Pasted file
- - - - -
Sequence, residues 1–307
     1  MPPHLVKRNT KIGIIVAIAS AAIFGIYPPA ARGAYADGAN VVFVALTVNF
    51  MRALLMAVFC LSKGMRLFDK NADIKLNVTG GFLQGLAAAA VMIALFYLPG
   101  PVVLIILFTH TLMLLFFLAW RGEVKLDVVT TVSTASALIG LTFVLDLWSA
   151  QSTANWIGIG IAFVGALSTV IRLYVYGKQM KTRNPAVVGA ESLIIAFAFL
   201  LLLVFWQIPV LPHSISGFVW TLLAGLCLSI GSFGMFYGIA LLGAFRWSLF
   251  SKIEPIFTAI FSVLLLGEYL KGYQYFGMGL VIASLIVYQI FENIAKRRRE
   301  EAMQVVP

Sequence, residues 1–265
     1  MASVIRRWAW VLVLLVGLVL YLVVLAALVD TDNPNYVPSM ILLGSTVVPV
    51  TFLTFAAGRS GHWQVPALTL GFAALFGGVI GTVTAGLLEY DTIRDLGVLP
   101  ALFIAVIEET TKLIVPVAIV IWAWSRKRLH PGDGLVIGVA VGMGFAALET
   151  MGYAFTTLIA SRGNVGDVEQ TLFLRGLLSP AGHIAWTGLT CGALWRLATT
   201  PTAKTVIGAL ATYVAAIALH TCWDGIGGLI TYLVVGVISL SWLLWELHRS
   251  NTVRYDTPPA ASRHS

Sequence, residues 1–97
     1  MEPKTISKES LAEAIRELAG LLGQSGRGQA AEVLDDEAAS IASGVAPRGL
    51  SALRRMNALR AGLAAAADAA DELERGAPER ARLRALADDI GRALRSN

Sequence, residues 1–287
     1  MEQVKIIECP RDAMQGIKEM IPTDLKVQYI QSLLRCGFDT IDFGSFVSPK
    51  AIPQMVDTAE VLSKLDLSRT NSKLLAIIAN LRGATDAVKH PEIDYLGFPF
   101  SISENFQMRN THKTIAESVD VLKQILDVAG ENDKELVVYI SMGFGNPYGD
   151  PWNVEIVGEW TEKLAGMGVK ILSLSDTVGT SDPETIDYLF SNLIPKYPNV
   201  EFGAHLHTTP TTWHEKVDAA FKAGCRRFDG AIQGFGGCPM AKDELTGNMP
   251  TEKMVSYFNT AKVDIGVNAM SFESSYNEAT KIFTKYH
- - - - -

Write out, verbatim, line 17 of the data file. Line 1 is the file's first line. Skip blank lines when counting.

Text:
     1  MEPKTISKES LAEAIRELAG LLGQSGRGQA AEVLDDEAAS IASGVAPRGL